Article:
Hatch said he was speaking to a Brigham Young University law society meeting in Dallas and couldn't make the hearing.
He maintains that he wasn't trying to skip out on voting for or against any of the measures.
As for Cannon, he is running for a sixth term in a safe Republican district. But it's not the Democrats who are targeting him over immigration - it's fellow Republican conservatives, who question his stance in favor of reform that includes a guest-worker program.
It won't be the first time.
In 2004, illegal immigration was the focus of his re-election race, with anti-illegal-immigration groups angered by his 2003 AgJobs bill that would have legalized some half a million agricultural workers. They poured money into his opponent's war chest and ran advertisements.
One of those spots attempted to link Cannon's support for an agriculture guest-worker program to the terrorists behind the 1993 bombing of the World Trade Center.
Opponents also claimed that Cannon brazenly attempted to solicit donations from undocumented workers during an appearance on a Spanish-language radio station.
Cannon says he never tried to skirt campaign laws and that he made it clear only citizens could donate.
He won the race convincingly.
But this year, Cannon faces two Republican opponents: Cook, the former congressman, and businessman John Jacob. Cook specifically cites Cannon's position on immigration as a reason for running against him, and anti-illegal-immigration groups reportedly helped talk Cook into the race.
The other Republican challenger to Cannon, Jacob, lists immigration as the top issue on his campaign Web site, although the page offers no specific criticism of Cannon.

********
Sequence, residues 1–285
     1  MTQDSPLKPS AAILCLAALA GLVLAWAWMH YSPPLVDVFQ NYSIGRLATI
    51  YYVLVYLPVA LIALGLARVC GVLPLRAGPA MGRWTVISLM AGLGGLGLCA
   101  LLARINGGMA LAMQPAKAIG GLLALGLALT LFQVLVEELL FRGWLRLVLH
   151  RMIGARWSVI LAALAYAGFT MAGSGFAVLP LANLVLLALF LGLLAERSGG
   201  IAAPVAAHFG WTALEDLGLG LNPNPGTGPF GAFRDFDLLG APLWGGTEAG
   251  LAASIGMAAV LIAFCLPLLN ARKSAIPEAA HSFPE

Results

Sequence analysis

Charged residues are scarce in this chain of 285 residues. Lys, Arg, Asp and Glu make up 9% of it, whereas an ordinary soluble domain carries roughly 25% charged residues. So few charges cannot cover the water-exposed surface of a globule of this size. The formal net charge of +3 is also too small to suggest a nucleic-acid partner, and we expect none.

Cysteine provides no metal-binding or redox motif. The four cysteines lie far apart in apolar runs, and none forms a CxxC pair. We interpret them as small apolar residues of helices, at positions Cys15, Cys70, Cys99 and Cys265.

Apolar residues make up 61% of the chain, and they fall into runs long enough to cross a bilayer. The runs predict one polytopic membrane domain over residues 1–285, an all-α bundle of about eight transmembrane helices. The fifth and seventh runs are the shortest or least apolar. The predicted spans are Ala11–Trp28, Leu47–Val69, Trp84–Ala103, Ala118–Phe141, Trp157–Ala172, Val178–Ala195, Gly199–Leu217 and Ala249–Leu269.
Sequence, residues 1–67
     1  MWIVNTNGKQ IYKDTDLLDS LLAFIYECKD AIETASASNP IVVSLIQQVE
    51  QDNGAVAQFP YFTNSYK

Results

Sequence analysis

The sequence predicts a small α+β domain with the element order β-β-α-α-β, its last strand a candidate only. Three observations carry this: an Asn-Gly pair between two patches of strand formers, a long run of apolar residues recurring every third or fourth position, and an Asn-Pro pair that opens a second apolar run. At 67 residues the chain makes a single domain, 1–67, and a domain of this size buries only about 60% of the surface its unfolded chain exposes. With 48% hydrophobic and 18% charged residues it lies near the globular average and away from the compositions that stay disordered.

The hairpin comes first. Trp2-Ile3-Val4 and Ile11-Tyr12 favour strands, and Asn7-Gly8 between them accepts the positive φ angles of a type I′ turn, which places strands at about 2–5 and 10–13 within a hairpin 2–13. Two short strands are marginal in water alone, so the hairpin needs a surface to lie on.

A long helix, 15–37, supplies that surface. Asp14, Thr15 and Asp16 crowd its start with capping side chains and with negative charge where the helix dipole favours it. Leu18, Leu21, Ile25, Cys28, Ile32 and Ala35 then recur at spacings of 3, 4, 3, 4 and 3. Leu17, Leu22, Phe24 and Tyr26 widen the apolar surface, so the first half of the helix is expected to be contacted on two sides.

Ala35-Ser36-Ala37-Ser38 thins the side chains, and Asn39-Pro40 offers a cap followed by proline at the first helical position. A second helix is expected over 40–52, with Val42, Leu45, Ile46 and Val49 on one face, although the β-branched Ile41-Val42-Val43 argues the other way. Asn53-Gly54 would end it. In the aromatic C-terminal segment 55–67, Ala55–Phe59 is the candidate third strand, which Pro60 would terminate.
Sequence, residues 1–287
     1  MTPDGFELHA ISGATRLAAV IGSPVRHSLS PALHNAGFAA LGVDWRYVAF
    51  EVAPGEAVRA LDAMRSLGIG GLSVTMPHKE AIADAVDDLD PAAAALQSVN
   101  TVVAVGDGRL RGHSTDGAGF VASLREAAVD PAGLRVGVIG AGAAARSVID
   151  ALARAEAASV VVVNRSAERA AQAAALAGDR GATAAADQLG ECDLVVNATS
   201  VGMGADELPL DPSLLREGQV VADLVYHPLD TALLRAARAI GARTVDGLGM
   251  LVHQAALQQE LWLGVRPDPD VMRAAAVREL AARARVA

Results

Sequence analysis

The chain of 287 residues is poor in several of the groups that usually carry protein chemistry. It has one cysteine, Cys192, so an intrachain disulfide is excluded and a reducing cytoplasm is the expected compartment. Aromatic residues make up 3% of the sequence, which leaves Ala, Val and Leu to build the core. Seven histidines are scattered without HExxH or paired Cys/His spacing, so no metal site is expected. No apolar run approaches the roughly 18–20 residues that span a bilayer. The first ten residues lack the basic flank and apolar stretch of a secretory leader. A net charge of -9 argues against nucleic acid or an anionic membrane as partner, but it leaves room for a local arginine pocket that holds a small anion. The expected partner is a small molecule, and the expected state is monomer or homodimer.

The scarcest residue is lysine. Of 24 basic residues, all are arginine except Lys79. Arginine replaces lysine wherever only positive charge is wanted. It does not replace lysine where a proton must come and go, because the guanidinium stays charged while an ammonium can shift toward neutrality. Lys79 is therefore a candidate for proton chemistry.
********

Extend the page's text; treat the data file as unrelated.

For his part, Cannon says he's doing what he believes is right.
"Utahns understand we need a solution," Cannon says. "And I am committed to finding a solution."
He says he is unconcerned about alienating single-issue voters focused on tougher immigration enforcement.
"That extreme is not my base; they never will be my base," Cannon said, insisting that he has "a perfect voting record for being hard on illegal immigration."
Critics scoff at the claim.
"Everyone I've talked to, [Republican convention] delegates, they're all totally opposed to what he's doing," says Alex Segura, head of the Utah Minuteman Project and a state House candidate.
"That is a very huge concern for people throughout his district. I know they don't like his position."
Yet President Bush's call for immigration reform that would includes a guest-worker program could provide Cannon with cover.
Polls show that a remarkably strong majority of Utahns still back Bush after giving him his largest margins of victory in the last two elections.
"I believe it is important to bring people out of the shadows of American society so they don't have to fear the life they live," Bush said Friday during a news conference in Mexico with President Vincente Fox. "I believe it's important for our nation to uphold human rights and human dignity."
Pollster Zogby says Cannon and those taking similar stands may be better off sticking with their positions, especially if they can persuade Latino voters to become politically active.
"Continue to take the moderate stance," Zogby said would be his advice. "In this way you at least cut your losses, telling voters that Congress needs calm reasoning and calm voices."